Thursday, March 26, 2009

What a wonderful parable of our time has been the expedition to the North Pole for measuring the thickness of the ice to show how fast it is declining

The only problem with a project to prove that Arctic ice is disappearing, says Christopher Booker in the Daily Telegraph, is the fact that… it is actually getting thicker (cheers to J. H. Colter).
With perfect timing, the setting out from Britain of the “Global Warming Three” last month was hampered by “an unusually heavy snowfall”. When they were airlifted to the start of their trek by a twin-engine Otter (one hopes a whole forest has been planted to offset its “carbon footprint”), they were startled to find how cold it was. The BBC dutifully reported how, in temperatures of minus 40 degrees, they were “battered by wind, bitten by frost and bruised by falls on the ice”. …They were [later] disconcerted to see one of those polar bears, threatened with extinction by global warming, wandering around, doubtless eyeing them for its dinner.

…Professor Wieslaw Maslowski, whose team, according to the BBC, “is well known for producing results that show much faster ice-loss than other modelling teams” … predicts that summer ice could be completely gone as early as next year. It took the Watts Up With That? science blog to point out that there is little point in measuring ice thickness unless you do it several years running, and that, anyway, Arctic ice is being constantly monitored by US Army buoys. The latest reading given by a typical sensor shows that since last March the ice has thickened by “at least half a metre”.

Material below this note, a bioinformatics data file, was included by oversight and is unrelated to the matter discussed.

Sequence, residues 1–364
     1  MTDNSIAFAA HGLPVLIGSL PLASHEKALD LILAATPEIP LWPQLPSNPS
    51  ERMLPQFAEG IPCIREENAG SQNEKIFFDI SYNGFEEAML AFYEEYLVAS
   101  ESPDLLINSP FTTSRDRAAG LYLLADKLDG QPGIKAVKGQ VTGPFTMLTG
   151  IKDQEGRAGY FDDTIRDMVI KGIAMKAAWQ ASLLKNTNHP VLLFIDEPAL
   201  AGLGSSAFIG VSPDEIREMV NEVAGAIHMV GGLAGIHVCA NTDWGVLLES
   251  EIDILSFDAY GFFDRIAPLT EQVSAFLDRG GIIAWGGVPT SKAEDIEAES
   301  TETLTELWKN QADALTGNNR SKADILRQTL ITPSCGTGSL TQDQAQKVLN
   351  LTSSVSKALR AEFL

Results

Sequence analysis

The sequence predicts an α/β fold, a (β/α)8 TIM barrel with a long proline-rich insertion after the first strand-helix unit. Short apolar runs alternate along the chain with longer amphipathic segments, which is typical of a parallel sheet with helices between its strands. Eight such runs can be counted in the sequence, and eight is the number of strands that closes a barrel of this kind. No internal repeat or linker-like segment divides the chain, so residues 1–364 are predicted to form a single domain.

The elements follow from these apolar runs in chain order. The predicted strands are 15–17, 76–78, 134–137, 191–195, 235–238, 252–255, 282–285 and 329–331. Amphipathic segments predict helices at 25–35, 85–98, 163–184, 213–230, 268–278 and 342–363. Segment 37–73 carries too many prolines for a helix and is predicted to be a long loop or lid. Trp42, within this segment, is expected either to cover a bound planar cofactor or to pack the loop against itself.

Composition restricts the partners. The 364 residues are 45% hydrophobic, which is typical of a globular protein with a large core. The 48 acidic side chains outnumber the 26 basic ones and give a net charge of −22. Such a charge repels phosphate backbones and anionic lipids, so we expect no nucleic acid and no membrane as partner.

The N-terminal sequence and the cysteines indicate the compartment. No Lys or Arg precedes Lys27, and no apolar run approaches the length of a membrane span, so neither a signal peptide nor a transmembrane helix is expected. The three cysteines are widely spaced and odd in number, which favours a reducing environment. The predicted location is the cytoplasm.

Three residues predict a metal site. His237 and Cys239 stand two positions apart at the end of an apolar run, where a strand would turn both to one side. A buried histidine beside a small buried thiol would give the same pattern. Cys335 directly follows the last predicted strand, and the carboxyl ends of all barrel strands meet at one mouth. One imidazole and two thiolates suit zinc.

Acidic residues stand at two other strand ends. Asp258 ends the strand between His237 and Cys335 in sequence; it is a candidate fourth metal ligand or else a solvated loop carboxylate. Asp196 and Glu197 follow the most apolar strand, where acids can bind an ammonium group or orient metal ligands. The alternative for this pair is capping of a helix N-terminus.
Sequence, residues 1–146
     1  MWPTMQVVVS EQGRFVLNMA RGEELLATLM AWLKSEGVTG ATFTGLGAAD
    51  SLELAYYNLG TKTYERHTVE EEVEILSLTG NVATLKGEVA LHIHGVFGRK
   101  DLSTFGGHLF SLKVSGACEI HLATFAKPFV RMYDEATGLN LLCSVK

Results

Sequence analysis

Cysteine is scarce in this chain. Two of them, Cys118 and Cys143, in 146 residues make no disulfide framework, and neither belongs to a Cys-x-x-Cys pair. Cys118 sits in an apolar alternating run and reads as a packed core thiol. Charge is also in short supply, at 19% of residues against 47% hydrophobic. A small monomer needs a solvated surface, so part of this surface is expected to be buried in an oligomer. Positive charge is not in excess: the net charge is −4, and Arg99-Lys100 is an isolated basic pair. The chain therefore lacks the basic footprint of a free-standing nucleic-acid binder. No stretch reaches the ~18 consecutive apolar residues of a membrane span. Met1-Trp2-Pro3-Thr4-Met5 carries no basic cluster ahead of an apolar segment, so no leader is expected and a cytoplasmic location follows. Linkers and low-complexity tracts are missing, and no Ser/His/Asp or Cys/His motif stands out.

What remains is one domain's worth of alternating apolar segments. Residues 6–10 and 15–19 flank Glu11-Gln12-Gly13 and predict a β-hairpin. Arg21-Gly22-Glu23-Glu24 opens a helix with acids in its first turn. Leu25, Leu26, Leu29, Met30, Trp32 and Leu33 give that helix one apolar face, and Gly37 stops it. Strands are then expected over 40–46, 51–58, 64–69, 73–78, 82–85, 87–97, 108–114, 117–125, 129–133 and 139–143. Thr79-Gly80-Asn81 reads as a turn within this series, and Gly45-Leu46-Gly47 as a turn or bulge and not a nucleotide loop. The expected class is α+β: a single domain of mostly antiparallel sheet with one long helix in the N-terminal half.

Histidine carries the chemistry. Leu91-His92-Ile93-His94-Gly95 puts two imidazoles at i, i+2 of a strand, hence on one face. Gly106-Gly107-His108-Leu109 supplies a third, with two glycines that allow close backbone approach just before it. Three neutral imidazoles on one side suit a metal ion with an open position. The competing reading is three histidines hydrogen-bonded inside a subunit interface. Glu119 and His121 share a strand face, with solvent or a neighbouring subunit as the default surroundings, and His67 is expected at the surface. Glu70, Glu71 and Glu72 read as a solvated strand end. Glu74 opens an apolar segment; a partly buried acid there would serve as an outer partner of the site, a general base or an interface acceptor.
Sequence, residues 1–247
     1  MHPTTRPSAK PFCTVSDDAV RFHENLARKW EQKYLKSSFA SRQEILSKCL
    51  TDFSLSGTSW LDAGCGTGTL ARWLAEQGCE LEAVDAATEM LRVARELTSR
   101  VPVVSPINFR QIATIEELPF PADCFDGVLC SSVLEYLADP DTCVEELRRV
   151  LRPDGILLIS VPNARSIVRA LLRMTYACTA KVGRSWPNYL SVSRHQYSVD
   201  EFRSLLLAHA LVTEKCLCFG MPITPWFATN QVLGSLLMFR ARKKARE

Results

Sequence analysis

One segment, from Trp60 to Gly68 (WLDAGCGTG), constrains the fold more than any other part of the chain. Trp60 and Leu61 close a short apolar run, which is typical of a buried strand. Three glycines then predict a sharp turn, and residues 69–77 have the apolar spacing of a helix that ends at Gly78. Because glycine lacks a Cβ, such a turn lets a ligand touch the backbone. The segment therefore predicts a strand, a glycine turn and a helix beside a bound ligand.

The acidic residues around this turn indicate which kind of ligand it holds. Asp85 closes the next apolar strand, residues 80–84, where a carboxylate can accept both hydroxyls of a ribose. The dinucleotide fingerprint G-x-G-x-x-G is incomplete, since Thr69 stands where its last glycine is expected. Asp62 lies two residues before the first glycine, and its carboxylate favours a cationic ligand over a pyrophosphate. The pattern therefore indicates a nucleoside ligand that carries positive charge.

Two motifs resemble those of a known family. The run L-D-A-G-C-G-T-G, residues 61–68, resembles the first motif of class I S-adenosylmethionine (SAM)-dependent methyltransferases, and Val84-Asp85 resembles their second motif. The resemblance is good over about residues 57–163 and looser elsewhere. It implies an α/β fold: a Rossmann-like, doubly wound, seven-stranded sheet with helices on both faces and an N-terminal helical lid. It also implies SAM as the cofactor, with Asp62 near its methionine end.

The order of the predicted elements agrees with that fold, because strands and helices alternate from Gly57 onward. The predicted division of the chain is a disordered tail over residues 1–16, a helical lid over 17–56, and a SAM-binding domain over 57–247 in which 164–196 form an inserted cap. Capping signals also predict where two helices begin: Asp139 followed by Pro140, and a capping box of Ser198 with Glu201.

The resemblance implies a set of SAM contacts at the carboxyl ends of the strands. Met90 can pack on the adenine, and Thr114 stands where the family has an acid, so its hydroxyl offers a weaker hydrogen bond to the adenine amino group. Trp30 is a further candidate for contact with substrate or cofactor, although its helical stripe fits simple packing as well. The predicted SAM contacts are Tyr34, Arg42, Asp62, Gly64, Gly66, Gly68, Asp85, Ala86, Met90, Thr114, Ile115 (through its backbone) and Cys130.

“In most fields of science,” comments WUWT drily, “that is considered an 'increase’ rather than a 'decline’.”
Commentator Allan adds:
I work for a government agency. We are about to get a pile of money to study carbon neutral fuels that will reduce the AGW, so of course all the scientists “support” AGW on a professional level, yet we all doubt AGW is real, why, the claims of are unreal. The variations in the measurement coupled with the uncertainty make no sense.
Allan goes on to "ask some simple questions" while Tony B, who also says he works for a government agency, states that he is
equally aghast at the precision given to sea level rises. There is little real world evidence of any noticeable increase let alone one on the scale imagined by the IPCC.

I frequently complain in this forum of the reliance we place on the concept of global temperatures, let alone our believing we have enough objective evidence to parse it to fractions of a degree back to 1850.

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